What the bat? How to go about getting a bat survey and dealing with them

Bats are one of the most common protected species that can affect your construction project. Read on to learn about what to do if you encounter them in your property or building plot.

Bats are endangered and vulnerable and as you would expect, some species more than others. They are protected by legislation and it’s imperative that you deal with them in the correct and sensitive way.

If there is a possibility that you may have bats in or around your property, then you need to account for them as part of your planning application.

Bats & the law
Bats are protected by UK legislation, under the Habitats Regulations and the Wildlife Countryside Act. It is actually an offence to disturb bats in their roost or to damage, destroy or block access to a roost as well as capture or kill them.

If there is any possibility that these fascinating creatures may be present at your property, then you’ll need to have a bat survey completed by a professional before you make your planning application.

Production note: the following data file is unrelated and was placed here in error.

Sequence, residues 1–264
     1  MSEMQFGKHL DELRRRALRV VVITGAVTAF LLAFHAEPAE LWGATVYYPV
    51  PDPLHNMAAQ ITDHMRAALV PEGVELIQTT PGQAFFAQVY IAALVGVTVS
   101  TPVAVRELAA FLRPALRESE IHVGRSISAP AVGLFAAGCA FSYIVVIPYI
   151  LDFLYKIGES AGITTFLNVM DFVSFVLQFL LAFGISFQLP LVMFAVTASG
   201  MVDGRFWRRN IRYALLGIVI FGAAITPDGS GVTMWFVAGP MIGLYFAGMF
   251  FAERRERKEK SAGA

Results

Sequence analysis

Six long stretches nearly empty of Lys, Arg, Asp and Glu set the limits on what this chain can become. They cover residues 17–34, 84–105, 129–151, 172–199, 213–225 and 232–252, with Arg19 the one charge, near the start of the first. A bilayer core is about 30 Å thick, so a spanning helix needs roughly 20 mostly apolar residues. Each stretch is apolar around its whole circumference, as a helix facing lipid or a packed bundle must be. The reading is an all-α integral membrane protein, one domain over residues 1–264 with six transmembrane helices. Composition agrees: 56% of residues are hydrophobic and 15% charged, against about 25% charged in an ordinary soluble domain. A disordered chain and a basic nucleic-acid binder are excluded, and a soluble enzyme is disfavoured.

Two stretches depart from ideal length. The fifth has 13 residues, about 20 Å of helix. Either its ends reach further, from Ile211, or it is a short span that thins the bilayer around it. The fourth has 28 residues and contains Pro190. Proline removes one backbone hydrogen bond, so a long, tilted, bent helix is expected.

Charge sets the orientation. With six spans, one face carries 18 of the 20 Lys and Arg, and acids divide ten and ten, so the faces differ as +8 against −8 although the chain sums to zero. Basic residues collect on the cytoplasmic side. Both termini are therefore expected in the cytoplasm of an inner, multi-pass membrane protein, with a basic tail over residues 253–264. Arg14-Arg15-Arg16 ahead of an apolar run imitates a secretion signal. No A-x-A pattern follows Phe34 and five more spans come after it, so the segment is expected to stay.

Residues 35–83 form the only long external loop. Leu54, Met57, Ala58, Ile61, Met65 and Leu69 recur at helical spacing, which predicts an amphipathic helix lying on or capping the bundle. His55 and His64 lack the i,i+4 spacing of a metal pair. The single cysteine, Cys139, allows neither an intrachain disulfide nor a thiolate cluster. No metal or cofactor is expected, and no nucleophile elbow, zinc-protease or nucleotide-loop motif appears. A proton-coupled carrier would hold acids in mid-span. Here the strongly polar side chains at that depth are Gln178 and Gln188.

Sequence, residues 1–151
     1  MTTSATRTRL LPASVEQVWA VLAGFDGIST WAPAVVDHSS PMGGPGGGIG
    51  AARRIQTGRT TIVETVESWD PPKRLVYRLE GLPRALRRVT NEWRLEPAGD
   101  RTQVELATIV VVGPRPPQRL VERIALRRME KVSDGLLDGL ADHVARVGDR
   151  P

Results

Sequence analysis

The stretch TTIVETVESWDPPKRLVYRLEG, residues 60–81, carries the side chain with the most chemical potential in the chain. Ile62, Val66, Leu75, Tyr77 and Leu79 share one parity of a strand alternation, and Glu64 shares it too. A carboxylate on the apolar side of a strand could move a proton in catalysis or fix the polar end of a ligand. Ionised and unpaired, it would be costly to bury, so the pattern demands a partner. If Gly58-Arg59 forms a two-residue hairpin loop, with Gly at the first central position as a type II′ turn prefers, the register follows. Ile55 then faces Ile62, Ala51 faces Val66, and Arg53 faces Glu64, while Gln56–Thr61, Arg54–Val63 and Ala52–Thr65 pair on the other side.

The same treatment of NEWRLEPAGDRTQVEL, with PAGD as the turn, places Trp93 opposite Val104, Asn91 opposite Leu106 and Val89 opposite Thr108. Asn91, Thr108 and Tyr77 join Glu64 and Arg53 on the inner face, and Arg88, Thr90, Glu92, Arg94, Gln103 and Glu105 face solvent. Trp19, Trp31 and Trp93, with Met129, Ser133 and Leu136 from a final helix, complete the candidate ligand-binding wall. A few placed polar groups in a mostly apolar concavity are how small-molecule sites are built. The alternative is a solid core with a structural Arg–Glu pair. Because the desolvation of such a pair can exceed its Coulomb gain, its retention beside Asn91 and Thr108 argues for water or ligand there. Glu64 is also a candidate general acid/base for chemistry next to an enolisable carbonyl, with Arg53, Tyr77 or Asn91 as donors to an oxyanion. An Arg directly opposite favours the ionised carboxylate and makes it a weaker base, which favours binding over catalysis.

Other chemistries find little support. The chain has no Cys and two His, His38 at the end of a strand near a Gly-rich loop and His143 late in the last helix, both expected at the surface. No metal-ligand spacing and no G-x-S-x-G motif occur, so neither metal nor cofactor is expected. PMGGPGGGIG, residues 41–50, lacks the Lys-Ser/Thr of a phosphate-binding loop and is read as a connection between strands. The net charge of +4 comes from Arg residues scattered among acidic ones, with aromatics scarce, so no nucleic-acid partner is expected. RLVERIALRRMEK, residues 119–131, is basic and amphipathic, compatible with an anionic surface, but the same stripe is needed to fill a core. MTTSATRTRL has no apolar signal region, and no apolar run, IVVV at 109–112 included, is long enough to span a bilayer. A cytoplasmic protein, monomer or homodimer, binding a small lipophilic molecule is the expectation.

Should you discover that bats are present, you must seek the assistance of a specialist with a bat license. If you breach any of the laws regarding the disturbance or relocation of bats, it may result in harsh fines or even imprisonment.

Timing is crucial too, as certain bat surveys can only be carried out at certain times of the year, usually during bat roosting season, and therefore this could potentially delay your application and project if it is not considered early enough.

Note however that there are often simple ways to deal with the presence of bats, often by retaining existing habitats or introducing new roosting locations such as proprietary bat boxes within newly constructed external walls for example.

Where do bats live?
Typically, you will find that a bat will tend to roost in any long-standing structure such as a house, garage, barn or similar. Bats don’t just live in the countryside either; they can live in towns and cities too.

It’s important to consider a bat survey when seeking planning approval – even with a modern house; they could find favour in your property. Local Authorities usually keep records of areas where bats are known to be present and so this is often a good place to start.

If you would like to explore further about bat surveys and how they can be dealt with as part of your project, we are able to advise and recommend on the steps needed.

Please do get in touch with us for more information and to discuss the likely requirements in your specific case.